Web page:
The Value Institute and the Helen F. Graham Cancer Center & Research Institute co-hosted the 2016 BioBreakast, giving Christiana Care clinicians and researchers an opportunity to share medical advances with the regional biotechnology community.
“We are pleased to co-sponsor this annual BioBreakfast with the Delaware BioScience Association, an organization that is important to our Christiana Care community. We at Christiana Care Health System share a commitment to biomedical research with the organizations and members of Delaware Bio to improve the quality of medical care that we provide,” said Timothy Gardner, M.D., executive director of the Value Institute and medical director of Christiana Care’s Center for Heart & Vascular Health.
On July 12, two dozen Christiana Care staff attended the BioBreakfast with 150 participants from around the region, networking and sharing ideas at the John H. Ammon Medical Education Center.
Advances in gene editing
The morning’s first speaker was Eric Kmiec, Ph.D., director of the Gene Editing Institute at the Graham Cancer Center and a pioneer in DNA research and the cutting-edge science of gene editing. At the invitation of Nicholas Petrelli, M.D., FACS, Bank of America endowed medical director of the Graham Cancer Center, Kmiec founded the Gene Editing Institute in July 2015 and conducts translational research and technology development, and provides CRISPR/CAS9 gene editing tools.
Because of this work, the Gene Editing institute has launched partnerships that include:
- Collaboration with NovellusDX in Israel to find gene mutations amenable to customized gene editing treatments in patients.
- Assistance with research within the Wistar Institute in Philadelphia by providing gene editing tools for 70 Wistar researchers.
- Efforts to create educational resources on gene editing for everyone from high school students to post-doctoral students. New training kits and webinars are in development with Genomeweb Webinars, Bio-Rad Laboratories and the National Institute of Health’s (NIH) new training program called GEENI (Gene Editing National Initiative).
The Gene Editing Institute has a team that is looking at how to use CRISPR/CAS9 in clinical trials for patients with lung cancer in Delaware. “Gene editing is clearly going to transform medicine,” Kmiec said.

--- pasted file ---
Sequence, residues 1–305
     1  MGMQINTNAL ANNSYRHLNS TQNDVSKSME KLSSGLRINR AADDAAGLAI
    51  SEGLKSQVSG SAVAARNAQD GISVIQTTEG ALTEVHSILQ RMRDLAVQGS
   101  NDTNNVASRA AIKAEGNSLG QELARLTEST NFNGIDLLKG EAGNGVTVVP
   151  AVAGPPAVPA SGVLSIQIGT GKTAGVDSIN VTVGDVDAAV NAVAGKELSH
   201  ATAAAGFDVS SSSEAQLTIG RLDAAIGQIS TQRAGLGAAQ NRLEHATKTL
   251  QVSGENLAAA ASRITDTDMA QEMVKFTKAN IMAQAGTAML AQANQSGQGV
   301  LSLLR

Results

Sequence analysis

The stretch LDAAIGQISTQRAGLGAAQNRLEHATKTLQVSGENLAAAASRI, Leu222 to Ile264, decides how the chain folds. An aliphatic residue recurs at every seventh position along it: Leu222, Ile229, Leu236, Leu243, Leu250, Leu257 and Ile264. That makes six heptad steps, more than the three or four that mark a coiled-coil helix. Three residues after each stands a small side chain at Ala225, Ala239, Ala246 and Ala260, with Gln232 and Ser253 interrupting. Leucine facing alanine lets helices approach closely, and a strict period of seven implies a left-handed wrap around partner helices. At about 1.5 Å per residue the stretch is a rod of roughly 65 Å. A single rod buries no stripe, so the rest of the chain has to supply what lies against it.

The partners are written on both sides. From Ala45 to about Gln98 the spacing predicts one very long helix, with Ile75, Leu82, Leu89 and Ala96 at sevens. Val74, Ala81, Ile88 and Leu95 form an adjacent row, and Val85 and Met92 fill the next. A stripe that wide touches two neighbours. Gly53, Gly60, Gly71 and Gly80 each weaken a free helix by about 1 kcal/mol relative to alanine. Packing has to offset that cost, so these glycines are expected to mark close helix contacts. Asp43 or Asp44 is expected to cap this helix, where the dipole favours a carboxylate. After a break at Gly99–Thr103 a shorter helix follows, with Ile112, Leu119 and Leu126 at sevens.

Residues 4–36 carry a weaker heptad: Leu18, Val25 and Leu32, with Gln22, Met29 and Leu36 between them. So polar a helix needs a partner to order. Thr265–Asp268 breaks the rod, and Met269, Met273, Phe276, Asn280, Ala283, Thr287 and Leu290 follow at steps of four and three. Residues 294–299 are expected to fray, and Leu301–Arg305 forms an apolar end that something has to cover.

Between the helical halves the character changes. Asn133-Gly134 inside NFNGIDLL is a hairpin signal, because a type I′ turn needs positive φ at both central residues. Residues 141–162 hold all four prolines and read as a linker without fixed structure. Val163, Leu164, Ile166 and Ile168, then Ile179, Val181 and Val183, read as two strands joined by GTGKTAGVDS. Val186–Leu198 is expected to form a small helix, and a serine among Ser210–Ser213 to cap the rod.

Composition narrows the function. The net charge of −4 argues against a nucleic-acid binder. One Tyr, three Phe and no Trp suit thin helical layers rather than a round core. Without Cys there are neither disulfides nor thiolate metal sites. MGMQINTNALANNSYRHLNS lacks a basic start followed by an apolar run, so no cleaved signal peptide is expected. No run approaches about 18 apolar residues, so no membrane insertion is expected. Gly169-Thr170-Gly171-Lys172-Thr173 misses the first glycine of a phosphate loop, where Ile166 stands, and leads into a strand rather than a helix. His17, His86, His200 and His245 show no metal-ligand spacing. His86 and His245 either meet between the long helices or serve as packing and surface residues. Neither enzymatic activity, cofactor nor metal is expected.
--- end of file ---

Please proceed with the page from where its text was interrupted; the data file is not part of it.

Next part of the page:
Statewide kidney disease registry
Nephrologist and epidemiologist Claudine Jurkovitz, M.D., MPH, Value Institute senior physician scientist, described her project to link Delaware electronic health records from multiple data sources and build a statewide Chronic Kidney Disease Registry, offering a unified longitudinal description of care.
The registry is a Big Data Pilot Program funded under Delaware CTR-ACCEL, a project of the National Institutes of Health to accelerate clinical and translational research and build research infrastructure. Some of the initial goals for the registry are to develop models and methods for predicting hospital admission and to access transition-of-care information for children with chronic kidney disease as they grow into adults.
The Patient-Centered Outcomes Research Institute (PCORI) also recently awarded the Eugene Washington Engagement Award to Dr. Jurkovitz. This funding will enable engagement of patients and stakeholders in developing patient-centered outcomes research studies that utilize the statewide registry, said Dr. Jurkovitz, the PCORI principal investigator.
PCORI is an independent, non-profit organization authorized by Congress in 2010 to fund comparative effectiveness research that will provide patients, their caregivers and clinicians with the evidence needed to make better-informed health and health care decisions. PCORI is committed to seeking input from a broad range of stakeholders to guide its work.
Stroke care in Delaware
The final presenter from Christiana Care was neuroradiologist Kert Anzilotti, M.D., MBA, chair of the Department of Radiology and physician leader of the Neurosciences Service Line. He talked about recent advances in the diagnosis and treatment of acute stroke in Delaware, suggesting that major advances in cranial imaging, medications and endovascular procedures and devices now mark a “golden age of ischemic stroke treatment.”
Hospitals in all three Delaware counties are collaborating to ensure stroke patients receive timely care.
Strokes are the fifth-leading cause of death in the United States and the leading cause of serious long-term disability, according to the U.S. Centers for Disease Control & Prevention. Patients identified and treated intravenously with tissue plasminogen activator (IV tPA) within four hours of the start of a stroke, however, have excellent chances of full recovery, Dr. Anzilotti said.
IV tPA treatment can dissolve the clot that causes the stroke and improve blood flow to the affected area of the brain. Dr. Anzilotti stressed, however, the importance of quickly identifying the signs and symptoms of stroke, given that every minute after the onset of the stroke increases the possibility of permanent disability or death.
Christina Care has applied improvement science to the diagnosis and treatment of patients who have strokes. The stroke team has implemented standardized evidence-based protocols to optimize the care of acute stroke victims. As a result of these best practices, Christiana Care earned the Gold-Plus Quality Award from the American Heart Association and the American Stroke Association for maintaining high standards in the treatment of patients with stroke.
“This makes our hospital system one of the premier institutions for stroke care in the United States,” said Dr. Anzilotti.